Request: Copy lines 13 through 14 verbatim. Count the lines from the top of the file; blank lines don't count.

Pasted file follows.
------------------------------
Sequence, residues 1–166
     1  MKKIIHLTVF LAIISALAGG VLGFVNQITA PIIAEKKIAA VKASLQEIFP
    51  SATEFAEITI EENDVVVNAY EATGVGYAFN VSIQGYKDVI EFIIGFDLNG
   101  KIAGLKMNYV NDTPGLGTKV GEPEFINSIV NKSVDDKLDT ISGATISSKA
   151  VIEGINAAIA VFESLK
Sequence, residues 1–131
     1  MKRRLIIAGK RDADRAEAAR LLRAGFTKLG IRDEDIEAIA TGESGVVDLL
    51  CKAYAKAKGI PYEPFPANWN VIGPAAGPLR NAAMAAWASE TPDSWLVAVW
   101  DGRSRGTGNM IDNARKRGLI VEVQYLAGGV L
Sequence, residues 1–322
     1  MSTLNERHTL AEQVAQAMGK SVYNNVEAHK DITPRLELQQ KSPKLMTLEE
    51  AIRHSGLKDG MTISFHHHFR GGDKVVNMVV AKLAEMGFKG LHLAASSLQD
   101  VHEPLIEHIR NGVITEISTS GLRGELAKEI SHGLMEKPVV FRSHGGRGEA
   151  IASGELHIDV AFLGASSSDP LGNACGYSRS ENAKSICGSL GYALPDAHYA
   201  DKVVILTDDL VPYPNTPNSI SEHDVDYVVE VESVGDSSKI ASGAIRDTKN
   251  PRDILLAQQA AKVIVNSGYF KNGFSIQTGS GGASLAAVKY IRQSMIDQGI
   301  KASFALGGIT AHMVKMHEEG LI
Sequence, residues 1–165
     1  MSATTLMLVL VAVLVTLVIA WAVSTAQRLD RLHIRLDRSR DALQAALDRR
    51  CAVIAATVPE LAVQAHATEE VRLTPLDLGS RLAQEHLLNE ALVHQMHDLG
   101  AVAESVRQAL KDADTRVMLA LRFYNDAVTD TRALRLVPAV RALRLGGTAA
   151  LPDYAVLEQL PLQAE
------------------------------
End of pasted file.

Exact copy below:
   101  VHEPLIEHIR NGVITEISTS GLRGELAKEI SHGLMEKPVV FRSHGGRGEA
   151  IASGELHIDV AFLGASSSDP LGNACGYSRS ENAKSICGSL GYALPDAHYA